NOGUCHI: Yeah, that's right. I interviewed Reverend Graylan Hagler, a longtime community activist and pastor at the Plymouth Congregational Church. Hagler is a very striking person. He's tall, has a salt-and-pepper beard and wears a black beret. He's always saluting people. And he shakes hands with these young men who call out to him as we cross the street.

So there are going to be three Wal-Marts in close proximity to Hagler's church - the two you already mentioned plus another one that's just a half a mile from his church. He took me to one of those stores still under construction. I asked him whether Wal-Mart addressed some of his concerns about employment and community impact since the stores have opened.

REVEREND GRAYLAN HAGLER: It has actually really confirmed my suspicion.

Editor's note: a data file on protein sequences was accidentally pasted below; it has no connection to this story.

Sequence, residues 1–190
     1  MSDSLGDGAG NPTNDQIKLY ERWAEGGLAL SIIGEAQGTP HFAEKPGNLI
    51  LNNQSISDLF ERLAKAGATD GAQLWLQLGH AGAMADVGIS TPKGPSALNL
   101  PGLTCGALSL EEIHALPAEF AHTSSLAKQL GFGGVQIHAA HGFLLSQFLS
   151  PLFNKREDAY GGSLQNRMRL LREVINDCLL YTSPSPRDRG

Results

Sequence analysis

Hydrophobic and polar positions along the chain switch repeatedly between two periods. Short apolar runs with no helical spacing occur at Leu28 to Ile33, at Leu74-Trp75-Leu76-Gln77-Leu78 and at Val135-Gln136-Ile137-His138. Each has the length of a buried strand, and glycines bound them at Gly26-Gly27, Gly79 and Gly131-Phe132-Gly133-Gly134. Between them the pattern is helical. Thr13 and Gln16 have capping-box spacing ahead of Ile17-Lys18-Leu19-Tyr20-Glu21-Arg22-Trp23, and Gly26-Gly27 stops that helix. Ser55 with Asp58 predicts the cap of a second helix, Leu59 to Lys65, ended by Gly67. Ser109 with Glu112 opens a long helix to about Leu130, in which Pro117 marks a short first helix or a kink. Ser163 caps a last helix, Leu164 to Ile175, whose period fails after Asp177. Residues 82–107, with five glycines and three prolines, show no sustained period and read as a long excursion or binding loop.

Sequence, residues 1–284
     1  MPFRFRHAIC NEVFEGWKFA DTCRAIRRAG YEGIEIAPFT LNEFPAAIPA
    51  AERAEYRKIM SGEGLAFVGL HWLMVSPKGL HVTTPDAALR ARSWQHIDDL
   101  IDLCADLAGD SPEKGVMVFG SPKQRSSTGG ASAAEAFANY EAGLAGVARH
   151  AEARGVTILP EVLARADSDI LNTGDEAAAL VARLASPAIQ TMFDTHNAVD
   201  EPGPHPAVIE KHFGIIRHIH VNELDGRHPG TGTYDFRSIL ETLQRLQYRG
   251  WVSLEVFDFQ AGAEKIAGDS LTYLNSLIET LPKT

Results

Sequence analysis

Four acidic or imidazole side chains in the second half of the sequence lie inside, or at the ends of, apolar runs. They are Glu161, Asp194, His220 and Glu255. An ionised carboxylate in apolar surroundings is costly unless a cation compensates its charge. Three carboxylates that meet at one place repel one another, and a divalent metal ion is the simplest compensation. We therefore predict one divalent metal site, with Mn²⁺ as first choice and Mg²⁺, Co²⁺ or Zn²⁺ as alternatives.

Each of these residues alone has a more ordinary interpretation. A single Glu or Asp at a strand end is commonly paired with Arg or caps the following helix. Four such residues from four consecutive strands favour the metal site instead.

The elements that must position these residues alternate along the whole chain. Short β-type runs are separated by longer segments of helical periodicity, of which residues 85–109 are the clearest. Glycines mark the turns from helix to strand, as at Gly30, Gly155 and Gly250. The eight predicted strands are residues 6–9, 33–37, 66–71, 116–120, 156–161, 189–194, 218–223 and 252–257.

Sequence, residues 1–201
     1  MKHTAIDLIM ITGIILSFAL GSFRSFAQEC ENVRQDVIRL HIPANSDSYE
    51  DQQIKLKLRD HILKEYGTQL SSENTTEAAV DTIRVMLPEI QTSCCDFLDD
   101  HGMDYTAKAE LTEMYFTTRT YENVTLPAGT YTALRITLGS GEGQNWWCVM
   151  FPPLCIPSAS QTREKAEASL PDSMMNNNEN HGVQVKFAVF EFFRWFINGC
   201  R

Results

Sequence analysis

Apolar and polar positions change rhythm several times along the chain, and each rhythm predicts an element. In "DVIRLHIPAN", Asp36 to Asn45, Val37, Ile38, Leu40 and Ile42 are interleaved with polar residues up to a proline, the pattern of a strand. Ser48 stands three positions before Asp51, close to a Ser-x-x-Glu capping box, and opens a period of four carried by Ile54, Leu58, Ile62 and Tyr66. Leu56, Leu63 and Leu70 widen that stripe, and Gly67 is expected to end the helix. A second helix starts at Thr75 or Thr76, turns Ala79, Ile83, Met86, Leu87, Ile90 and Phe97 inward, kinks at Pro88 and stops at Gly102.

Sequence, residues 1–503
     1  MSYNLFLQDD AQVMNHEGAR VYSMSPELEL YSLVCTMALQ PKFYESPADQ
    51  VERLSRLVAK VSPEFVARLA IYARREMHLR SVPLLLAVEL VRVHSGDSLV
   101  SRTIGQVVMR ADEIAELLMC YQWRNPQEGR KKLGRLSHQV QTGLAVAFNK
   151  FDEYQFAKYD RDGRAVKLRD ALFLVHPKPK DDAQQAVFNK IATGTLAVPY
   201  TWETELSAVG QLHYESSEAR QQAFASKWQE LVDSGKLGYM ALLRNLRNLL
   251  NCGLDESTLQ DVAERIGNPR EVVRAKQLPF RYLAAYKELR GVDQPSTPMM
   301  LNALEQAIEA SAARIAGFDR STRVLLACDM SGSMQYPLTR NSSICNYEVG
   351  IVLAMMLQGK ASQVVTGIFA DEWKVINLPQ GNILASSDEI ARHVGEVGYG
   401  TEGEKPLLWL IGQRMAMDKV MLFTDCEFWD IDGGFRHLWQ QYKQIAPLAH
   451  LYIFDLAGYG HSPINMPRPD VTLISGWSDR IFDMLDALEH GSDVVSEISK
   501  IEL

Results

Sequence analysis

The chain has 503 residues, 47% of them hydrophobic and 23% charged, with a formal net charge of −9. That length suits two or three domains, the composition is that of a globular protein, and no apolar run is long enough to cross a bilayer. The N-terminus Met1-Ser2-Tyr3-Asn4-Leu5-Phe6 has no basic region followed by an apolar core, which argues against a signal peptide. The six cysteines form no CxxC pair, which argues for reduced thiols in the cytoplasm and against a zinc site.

NOGUCHI: Hagler believes the city struck a bad bargain with the retailer by not holding out for higher-paying employers and making too many concessions.

HAGLER: Wal-Mart is saying, well, city didn't give us anything. Well, that's a lie. We have reconfigured all these streets to accommodate the development.

NOGUCHI: And to illustrate how this played out, we drove up to another store on Georgia Avenue, a mile to the west.

HAGLER: We've done the same type of pattern here. You got a massive garage in the back.

NOGUCHI: There, there's a dedicated underground parking lot labeled Wal-Mart parking. Meanwhile, the on-street parking that used to exist in front of the businesses across the street is now a no parking zone.

HAGLER: And so as you can see, at the city's expense we widened the street to accommodate the cars, took away parking, which is surely - is damaging to these businesses.

NOGUCHI: And so we drop in on one those businesses - a classic barbershop with those black leather seats.

DEMITRIUS REDMOND: How you doing?

NOGUCHI: Demitrius Redmond is a longtime barber embittered about Wal-Mart's entry.

REDMOND: And, like, this gentleman has his wheelchair right here. He has to call me, and I have to have someone come around the corner, go down the street to get him, to push him up this hill because it's so challenging.